A Personal Look At The Evolution Of Gaming

Jonathan Lightfoot takes a look into his past to assess the evolution of gaming within recent years.

Over twenty years have passed since I first picked up a control pad, my eyes glued to the screen of a tiny TV as I played Sonic the Hedgehog for hours. It was frantic side-scrolling at its best. Its lengthy and complex levels were packed full of enemies and environmental hazards, not to mention all the collectables and power-ups you could collect along the way.

Sega’s hedgehog mascot made its triumphant debut early in the ’90s when gamepads had a total of about four buttons and the in-game music was just a series of beeps and boops. How far we’ve come since then…

Each successive generation of consoles has made its own leaps and bounds in terms of what the medium can accomplish. As a child, I was blown away by my early experiences with the Master System and the SNES, but even their accomplishments were dwarfed by what was to come. With the arrival of the PS1 and Nintendo 64, we got our first look at proper 3D designs. No longer were games restricted to minimalist and basic designs (not that there’s anything wrong with that!). Games like Metal Gear Solid and Final Fantasy VII were, at the time, complex and detailed in a way gamers had never seen before. Meanwhile, Nintendo gave us Super Mario 64, which took those old 2D levels and added that third vital dimension, turning a side-scrolling race to the finish into a vast world with unprecedented potential for exploration.

At the time, my admittedly naïve ten-year-old self could hardly envision anything better. But as new consoles arrived in the early 2000s, the hobby continued to evolve. Both Sony and Microsoft (the latter then being a newcomer to the industry) dabbled with online gaming, though it was the original Xbox that really got somewhere. With the likes of Halo, we were no longer limited to needing our friends in the same room to play multiplayer games. I’m not the most prolific of online players, but even to me, this development is still one of the most crucial in the history of gaming. With high-speed internet connections more accessible than they’ve ever been, it takes only a few moments for us to be playing our favourite games with people who live thousands of miles away. Though one unfortunate consequence of this has been the steady disappearance of local, offline multiplayer, what Sony and Microsoft started all those years ago has had an unparalleled effect on video games.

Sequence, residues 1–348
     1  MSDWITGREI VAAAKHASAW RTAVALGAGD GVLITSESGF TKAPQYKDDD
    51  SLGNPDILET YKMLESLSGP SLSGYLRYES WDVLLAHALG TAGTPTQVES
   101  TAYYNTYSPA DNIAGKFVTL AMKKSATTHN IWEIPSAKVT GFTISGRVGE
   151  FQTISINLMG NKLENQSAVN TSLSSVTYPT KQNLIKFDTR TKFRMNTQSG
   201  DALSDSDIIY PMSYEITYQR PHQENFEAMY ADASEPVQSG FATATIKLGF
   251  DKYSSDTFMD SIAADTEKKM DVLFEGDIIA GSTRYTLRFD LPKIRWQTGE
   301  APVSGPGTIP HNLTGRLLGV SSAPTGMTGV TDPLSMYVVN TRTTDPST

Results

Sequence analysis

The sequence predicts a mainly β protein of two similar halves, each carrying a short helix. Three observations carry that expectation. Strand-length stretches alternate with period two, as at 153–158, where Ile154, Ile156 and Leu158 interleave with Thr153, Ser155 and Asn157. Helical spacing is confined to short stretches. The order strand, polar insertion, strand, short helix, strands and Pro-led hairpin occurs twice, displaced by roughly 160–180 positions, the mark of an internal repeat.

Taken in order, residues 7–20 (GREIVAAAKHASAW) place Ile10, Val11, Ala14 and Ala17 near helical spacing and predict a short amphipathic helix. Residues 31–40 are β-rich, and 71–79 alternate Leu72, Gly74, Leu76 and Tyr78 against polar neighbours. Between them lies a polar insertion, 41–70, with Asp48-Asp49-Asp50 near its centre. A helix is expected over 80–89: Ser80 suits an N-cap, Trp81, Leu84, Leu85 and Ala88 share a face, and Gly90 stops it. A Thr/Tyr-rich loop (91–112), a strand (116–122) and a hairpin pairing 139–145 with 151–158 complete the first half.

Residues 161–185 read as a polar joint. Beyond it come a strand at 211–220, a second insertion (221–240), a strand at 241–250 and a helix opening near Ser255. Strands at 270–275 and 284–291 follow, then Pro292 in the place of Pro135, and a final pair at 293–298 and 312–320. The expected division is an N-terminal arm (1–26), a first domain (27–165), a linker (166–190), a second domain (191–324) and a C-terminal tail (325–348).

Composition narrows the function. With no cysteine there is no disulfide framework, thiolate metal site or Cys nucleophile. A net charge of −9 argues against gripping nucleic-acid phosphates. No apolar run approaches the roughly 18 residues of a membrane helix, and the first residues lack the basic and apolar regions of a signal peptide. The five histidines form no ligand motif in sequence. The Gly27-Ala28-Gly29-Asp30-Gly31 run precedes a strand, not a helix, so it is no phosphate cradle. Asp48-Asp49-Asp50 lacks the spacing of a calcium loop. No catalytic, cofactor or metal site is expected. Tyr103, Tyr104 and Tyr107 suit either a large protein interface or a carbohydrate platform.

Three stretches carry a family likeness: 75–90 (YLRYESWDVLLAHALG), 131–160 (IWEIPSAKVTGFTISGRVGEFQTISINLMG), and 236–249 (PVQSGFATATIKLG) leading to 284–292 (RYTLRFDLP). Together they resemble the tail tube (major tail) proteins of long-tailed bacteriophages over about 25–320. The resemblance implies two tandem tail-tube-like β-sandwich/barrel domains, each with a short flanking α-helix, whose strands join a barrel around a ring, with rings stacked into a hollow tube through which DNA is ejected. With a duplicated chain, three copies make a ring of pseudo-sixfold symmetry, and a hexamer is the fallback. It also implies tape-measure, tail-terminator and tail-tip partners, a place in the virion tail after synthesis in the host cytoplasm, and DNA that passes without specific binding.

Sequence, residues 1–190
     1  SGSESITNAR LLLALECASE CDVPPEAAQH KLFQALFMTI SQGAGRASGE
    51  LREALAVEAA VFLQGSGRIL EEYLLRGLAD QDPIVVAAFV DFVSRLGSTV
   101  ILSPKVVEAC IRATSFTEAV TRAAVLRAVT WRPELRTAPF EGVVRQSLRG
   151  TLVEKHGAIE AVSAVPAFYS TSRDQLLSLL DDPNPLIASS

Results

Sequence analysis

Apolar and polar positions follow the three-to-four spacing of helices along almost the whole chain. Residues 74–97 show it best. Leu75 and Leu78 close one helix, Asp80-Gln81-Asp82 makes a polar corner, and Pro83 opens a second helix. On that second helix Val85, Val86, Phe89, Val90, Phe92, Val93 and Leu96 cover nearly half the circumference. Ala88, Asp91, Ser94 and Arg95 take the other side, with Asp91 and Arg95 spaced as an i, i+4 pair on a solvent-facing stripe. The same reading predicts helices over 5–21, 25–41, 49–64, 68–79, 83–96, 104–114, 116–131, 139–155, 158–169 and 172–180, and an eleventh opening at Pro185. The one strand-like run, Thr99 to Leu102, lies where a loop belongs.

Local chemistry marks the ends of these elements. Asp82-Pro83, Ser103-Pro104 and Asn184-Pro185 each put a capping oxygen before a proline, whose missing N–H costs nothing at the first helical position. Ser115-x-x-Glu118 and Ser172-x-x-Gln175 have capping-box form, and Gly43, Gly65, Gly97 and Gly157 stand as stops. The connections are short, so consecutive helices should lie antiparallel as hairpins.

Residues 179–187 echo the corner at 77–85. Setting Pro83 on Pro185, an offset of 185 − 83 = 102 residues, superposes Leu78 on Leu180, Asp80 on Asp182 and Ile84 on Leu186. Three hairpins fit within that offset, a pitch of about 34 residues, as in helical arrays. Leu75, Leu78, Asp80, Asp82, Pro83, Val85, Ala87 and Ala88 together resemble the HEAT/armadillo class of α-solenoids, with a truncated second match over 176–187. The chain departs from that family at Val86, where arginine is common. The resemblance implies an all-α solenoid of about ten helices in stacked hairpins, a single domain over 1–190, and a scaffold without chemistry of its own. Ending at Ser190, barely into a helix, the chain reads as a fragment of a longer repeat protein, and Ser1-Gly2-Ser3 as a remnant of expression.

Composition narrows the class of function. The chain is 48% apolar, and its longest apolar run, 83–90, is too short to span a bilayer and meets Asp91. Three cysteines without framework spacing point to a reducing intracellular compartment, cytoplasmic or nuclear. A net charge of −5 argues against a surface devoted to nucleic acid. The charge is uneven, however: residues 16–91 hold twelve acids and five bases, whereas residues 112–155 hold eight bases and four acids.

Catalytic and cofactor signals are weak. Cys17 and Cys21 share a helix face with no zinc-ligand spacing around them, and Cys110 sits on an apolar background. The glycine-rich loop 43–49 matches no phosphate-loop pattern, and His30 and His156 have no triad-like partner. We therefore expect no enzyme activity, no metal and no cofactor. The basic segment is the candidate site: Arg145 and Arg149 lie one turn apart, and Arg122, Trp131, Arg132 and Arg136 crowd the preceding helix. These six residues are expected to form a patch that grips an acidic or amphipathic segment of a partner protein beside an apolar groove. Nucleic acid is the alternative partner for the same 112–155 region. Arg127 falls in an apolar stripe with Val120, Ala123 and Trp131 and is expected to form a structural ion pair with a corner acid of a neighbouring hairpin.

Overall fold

For all that the PlayStation 2, Xbox and Gamecube did, there was still room for growth. Looking back, the presentation of those games seems rigid and basic. With a few exceptions, it wasn’t until their successors that we began to see uncannily realistic character designs and highly detailed worlds to explore. Metal Gear Solid 3 and The Legend of Zelda: Twilight Princess may stand head and shoulders above the rest of their generation in terms of what was achieved with the technology, but the next group of consoles put even them to shame. There were a few hiccups early on – the deceptive Killzone 2 footage springs to mind – but consider games like The Last of Us. It’s an easy choice for an example, I know, but there’s no denying the quality of work that went into it. The characters are beautifully realistic, and no matter where you look the world of The Last Of Us is consistently daunting in just how well the developers portrayed a world that was well past its use-by date.

I’d be remiss if I didn’t mention my favourite new feature of the PS3/360/Wii generation: reliable and mainstream wireless controllers. It seemed little more than an amusing novelty at first, but whenever I go back to my older consoles I find myself missing the freedom. Adding new features to the pads has always been a little hit-and-miss; the DualShock 4’s touchpad seems woefully underutilised at this point in the PS4’s life, and its on-by-default speaker nearly made me jump out of my skin when I first picked up an audio file in Killzone: Shadow Fall, when it began blaring out of the pad. Wireless pads, though? Only for a few favourites can I give them up and play an older console without getting annoyed at all the inevitable tangled wires.

It remains to be seen how well recent developments like VR will fare in the long run. Either way, it’s another step in the long road of gaming’s evolution, and I’m excited to see what the future holds for it.

Just as I did as a child, I find it hard to predict what improvements are still to come. But I’m sure there will be plenty waiting for us.

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